The risks of Sumatra-style mega-quakes around the world have been sorely misjudged, say earth scientists who are re-examining some of the pre-December 2004 assumptions scientists made about such rare events.
For more than two decades geologists had thought that the largest quakes, of magnitude 9 and greater, happen when a young tectonic plate is subducted, or shoved quickly, under another plate. But the Great Sumatra-Andaman earthquake of 26 December 2004 didn’t match that pattern at all. The Indian Plate is middle-aged and moving at a middling rate, which throws into question the estimated quake dangers at other similar quake-prone zones near Japan, in the Pacific Northwest, Chile, Alaska, and elsewhere.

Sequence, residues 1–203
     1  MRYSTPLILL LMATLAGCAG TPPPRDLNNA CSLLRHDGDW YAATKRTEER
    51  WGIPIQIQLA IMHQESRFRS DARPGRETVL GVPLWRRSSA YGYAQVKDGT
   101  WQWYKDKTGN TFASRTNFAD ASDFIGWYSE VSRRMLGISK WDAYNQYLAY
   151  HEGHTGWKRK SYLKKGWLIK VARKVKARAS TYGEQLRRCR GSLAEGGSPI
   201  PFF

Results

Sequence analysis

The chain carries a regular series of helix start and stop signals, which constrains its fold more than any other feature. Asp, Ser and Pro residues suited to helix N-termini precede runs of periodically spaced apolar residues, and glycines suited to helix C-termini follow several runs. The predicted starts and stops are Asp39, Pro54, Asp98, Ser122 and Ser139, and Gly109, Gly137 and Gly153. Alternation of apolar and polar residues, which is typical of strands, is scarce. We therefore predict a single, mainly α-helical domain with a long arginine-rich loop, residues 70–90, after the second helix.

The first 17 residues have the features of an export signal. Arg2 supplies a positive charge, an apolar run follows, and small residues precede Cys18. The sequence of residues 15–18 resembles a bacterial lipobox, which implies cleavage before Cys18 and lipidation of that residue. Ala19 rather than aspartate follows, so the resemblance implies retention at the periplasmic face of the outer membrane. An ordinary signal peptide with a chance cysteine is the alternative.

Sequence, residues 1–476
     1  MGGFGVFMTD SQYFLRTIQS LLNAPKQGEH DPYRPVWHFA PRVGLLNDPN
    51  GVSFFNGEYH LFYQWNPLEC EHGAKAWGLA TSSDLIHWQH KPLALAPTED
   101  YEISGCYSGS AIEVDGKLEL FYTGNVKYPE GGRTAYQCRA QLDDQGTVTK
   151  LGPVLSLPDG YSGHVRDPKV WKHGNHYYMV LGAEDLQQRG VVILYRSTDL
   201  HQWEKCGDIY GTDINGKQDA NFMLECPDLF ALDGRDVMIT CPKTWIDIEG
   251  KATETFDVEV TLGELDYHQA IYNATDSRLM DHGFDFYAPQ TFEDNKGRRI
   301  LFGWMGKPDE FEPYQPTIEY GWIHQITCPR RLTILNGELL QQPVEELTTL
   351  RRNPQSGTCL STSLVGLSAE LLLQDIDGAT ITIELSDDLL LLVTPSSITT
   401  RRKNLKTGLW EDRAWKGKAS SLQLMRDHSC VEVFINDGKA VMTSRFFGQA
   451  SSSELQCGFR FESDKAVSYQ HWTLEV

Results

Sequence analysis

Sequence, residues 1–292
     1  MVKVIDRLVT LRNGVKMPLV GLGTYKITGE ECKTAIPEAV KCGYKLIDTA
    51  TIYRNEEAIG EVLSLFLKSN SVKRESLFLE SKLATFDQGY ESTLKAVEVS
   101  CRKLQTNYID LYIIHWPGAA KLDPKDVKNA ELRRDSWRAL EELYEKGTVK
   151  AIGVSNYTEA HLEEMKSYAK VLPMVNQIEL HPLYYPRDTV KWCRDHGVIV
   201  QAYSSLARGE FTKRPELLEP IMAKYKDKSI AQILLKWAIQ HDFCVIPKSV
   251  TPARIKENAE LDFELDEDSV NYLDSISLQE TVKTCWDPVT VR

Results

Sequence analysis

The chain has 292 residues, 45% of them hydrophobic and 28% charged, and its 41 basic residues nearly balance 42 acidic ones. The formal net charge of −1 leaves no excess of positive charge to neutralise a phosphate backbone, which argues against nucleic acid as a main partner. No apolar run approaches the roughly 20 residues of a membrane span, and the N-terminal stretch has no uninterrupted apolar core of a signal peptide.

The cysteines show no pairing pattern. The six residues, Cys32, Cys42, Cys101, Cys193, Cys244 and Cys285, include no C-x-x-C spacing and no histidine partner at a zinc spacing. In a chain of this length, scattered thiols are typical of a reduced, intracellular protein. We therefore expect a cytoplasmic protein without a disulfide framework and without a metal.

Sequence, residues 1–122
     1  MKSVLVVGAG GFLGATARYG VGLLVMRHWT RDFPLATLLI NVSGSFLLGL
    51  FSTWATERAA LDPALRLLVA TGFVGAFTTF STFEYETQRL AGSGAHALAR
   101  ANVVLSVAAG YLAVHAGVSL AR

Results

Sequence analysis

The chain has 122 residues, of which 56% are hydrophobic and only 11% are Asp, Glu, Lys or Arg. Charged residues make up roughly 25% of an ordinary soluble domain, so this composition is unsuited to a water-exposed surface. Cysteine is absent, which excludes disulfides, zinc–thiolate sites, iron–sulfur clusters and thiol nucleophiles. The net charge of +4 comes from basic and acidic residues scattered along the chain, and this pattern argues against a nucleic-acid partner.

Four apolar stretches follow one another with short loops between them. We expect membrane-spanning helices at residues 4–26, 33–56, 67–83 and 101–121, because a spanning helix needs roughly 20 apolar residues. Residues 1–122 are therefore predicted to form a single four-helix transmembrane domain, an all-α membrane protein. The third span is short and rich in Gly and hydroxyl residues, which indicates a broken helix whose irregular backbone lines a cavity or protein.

"We didn’t expect such a big earthquake in that location," said Emile Okal of Northwestern University. Okal is slated to speak about how the Sumatra-Andaman quake calls into question theoretical assumptions made about other similar dangers zones worldwide and especially in South America on Thursday, 6 April, at Backbone of the Americas - Patagonia to Alaska. The meeting is co-convened by the Geological Society of America and Asociación Geológica Argentina, with collaboration of the Sociedad Geológica de Chile. The meeting takes place 3-7 April in Mendoza, Argentina.
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